In Belles and Poets, Julia Nitz analyzes the Civil War diary writing of eight white women from the U.S. South, focusing specifically on how they made sense of the world around them through references to literary texts. Nitz finds that many diarists incorporated allusions to poems, plays, and novels, especially works by Shakespeare and the British Romantic poets, in moments of uncertainty and crisis. While previous studies have overlooked or neglected such literary allusions in personal writings, regarding them as mere embellishments or signs of elite social status, Nitz reveals that these references functioned as codes through which women diarists contemplated their roles in society and addressed topics related to slavery, Confederate politics, gender, and personal identity.
Nitz's innovative study of identity construction and literary intertextuality focuses on diaries written by the following women: Eliza Frances (Fanny) Andrews of Georgia (1840-1931), Mary Boykin Miller Chesnut of South Carolina (1823-1886), Malvina Sara Black Gist of South Carolina (1842-1930), Sarah Ida Fowler Morgan of Louisiana (1842-1909), Cornelia Peake McDonald of Virginia (1822-1909), Judith White Brockenbrough McGuire of Virginia (1813-1897), Sarah Katherine (Kate) Stone of Louisiana (1841-1907), and Ella Gertrude Clanton Thomas of Georgia (1843-1907). These women's diaries circulated in postwar commemoration associations, and several saw publication. The public acclaim they received helped shape the collective memory of the war and, according to Nitz, further legitimized notions of racial supremacy and segregation. Comparing and contrasting their own lives to literary precedents and fictional role models allowed the diarists to process the privations of war, the loss of family members, and the looming defeat of the Confederacy.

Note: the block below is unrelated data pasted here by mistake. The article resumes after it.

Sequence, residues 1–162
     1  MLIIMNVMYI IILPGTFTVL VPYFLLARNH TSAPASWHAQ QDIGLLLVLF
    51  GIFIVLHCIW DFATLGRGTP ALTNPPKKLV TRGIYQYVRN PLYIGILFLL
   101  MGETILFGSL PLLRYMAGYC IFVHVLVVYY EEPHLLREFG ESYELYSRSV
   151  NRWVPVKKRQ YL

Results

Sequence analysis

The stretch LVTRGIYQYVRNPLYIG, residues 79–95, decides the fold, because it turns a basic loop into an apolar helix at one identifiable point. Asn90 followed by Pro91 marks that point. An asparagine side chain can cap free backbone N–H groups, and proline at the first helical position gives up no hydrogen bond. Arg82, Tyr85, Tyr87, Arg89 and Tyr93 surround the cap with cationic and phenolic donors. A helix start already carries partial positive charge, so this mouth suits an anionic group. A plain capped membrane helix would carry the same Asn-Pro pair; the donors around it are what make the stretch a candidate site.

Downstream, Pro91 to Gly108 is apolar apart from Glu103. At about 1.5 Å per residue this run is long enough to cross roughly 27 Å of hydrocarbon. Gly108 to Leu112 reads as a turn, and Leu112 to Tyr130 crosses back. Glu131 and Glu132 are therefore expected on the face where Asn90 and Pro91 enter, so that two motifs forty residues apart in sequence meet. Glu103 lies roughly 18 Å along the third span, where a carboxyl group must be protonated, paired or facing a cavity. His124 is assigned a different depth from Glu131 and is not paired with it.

Belles and Poets establishes the extent to which literature offered a means of exploring ideas and convictions about class, gender, and racial hierarchies in the Civil War-era South. Nitz's work shows that literary allusions in wartime diaries expose the ways in which some white southern women coped with the war and its potential threats to their way of life.